Office: Raubinger 459
Office Hours: Tues & Thurs 2-3 p.m., Thurs 5 - 6 p.m., and by appointment
Position: Associate Professor
Mark Ellis received his B.A. from Montclair State University, and his M.A. and his Ph. D. from Northwestern University. He has studied classical piano performance at The Oberlin Conservatory of Music, The Manhattan School of Music, and at the Peabody Institute of Music. He teaches Principles of Sociology, Sociology of Police Work, Sociology of Class and Culture, Senior Seminar, Social Stratification, and the Social Organization of Work. He is also the Coordinator of the First Year Seminar.
His field of research and teaching interests include: The Sociology of: Culture; Police Work; Art and Music; Occupations and Professions; Education; Theory; Methodology; Race, Gender; and the Sociology of the Body.
His current research examines how conservatory music students learn to form the notion of a career as they are socialized to professional standards while negotiating the high price of career commitment. Future research includes: how African-American views and perceptions of the legal system influence civilian interactions with the police. He is currently working on a book proposal on work and society with an emphasis on workplace policies related to families and on worker displacement and technology.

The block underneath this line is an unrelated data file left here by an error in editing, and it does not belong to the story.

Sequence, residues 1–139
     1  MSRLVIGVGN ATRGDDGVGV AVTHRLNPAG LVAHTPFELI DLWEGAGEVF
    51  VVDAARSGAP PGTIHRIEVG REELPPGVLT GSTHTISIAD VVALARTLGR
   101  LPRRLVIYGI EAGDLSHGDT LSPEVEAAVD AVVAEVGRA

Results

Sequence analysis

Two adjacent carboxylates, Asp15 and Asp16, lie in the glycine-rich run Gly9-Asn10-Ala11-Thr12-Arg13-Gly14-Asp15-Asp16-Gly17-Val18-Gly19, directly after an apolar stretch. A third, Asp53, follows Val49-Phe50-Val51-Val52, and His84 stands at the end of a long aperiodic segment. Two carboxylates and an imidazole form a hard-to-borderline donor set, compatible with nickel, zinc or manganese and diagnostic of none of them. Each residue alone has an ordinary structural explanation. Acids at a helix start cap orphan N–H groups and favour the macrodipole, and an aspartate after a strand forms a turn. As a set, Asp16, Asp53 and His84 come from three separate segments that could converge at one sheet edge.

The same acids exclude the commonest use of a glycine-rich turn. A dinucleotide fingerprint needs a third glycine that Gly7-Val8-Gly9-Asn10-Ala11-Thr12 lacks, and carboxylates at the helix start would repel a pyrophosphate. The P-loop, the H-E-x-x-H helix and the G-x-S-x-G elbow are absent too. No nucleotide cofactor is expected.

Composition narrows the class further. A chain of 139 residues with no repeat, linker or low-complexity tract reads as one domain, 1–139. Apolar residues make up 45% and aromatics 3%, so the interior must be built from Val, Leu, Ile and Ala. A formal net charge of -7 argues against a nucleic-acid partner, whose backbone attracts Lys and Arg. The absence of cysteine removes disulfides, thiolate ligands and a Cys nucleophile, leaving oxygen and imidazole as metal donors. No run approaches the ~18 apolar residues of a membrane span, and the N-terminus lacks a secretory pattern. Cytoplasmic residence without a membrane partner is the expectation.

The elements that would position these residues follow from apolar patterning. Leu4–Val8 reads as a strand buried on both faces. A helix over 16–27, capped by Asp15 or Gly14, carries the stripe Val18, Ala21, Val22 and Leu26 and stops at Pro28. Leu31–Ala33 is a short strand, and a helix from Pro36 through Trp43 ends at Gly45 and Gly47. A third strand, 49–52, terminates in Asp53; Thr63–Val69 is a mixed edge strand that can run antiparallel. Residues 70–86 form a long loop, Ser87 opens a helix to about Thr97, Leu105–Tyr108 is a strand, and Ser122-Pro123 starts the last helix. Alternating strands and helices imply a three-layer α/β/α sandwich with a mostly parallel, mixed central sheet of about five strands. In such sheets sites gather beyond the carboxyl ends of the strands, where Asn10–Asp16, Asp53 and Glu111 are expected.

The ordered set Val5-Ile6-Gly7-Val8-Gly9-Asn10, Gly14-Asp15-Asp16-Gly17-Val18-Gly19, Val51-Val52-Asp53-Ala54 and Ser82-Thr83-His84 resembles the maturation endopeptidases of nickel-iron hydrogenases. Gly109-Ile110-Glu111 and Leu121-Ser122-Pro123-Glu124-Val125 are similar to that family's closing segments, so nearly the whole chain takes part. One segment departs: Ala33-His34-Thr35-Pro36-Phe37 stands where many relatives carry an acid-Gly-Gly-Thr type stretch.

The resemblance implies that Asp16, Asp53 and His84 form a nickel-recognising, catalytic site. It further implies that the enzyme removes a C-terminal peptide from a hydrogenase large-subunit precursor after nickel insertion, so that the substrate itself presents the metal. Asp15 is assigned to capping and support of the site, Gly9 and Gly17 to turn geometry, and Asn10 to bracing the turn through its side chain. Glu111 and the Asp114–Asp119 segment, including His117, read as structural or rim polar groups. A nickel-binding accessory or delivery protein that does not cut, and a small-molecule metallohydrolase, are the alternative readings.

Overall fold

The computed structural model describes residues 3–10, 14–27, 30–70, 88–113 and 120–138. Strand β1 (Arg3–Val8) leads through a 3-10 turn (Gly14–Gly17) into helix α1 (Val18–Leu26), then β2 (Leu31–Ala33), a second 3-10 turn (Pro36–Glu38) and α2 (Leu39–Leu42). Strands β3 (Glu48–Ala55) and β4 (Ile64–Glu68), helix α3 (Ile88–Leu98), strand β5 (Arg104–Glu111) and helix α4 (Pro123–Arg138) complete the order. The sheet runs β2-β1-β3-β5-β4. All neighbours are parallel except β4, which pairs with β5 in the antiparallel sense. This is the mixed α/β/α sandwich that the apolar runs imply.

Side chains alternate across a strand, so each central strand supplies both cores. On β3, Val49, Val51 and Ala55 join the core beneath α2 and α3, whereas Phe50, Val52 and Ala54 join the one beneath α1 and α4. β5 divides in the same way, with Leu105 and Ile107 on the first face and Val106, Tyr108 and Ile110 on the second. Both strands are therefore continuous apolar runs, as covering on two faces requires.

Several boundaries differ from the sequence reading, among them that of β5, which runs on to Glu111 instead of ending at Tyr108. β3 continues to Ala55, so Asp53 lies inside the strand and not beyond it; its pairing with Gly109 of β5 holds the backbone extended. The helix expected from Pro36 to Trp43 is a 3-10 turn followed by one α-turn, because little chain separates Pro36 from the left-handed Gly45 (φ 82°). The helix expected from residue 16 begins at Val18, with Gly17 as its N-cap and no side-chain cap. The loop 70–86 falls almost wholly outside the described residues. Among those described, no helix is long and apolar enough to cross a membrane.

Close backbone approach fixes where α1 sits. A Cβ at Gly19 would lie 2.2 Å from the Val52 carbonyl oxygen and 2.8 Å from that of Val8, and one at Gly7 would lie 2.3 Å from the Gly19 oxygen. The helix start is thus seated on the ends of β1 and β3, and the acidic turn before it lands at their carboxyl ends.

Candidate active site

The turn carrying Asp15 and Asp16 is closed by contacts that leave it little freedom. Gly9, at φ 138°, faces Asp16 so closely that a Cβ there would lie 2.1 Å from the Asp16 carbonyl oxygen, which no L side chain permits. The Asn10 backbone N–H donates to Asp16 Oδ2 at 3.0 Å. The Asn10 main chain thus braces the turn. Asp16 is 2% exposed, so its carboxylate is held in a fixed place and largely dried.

Prof.r Ellis was also the recipient of the Robert F. Winch Memorial Award for Outstanding Graduate Lecturer in Sociology at Northwestern University and The William Paterson University Provost Award for Excellence in Teaching. He was also inducted into the 11th edition of Who's Who Among American Teachers. Prof. Ellis's research on student cultures has led him to understand the need for increased minority participation in higher education. He is open to working with all student groups to enable them to achieve their objectives.
"Looking Ahead in the Here and Now: Your Major and Profession."2008. Pp. 65-66 in Off to College. Educational Guidance Research Group.
"Cultural Diffusion." 2008. Pp. 187-89 in Encyclopedia of Social Problems, edited by Vincent N. Parrillo (Thousand Oaks, CA: Sage Publications).
Cultural Lag." 2008. Pp. 190-92 in Encyclopedia of Social Problems, edited by Vincent N. Parrillo (Thousand Oaks, CA: Sage Publications).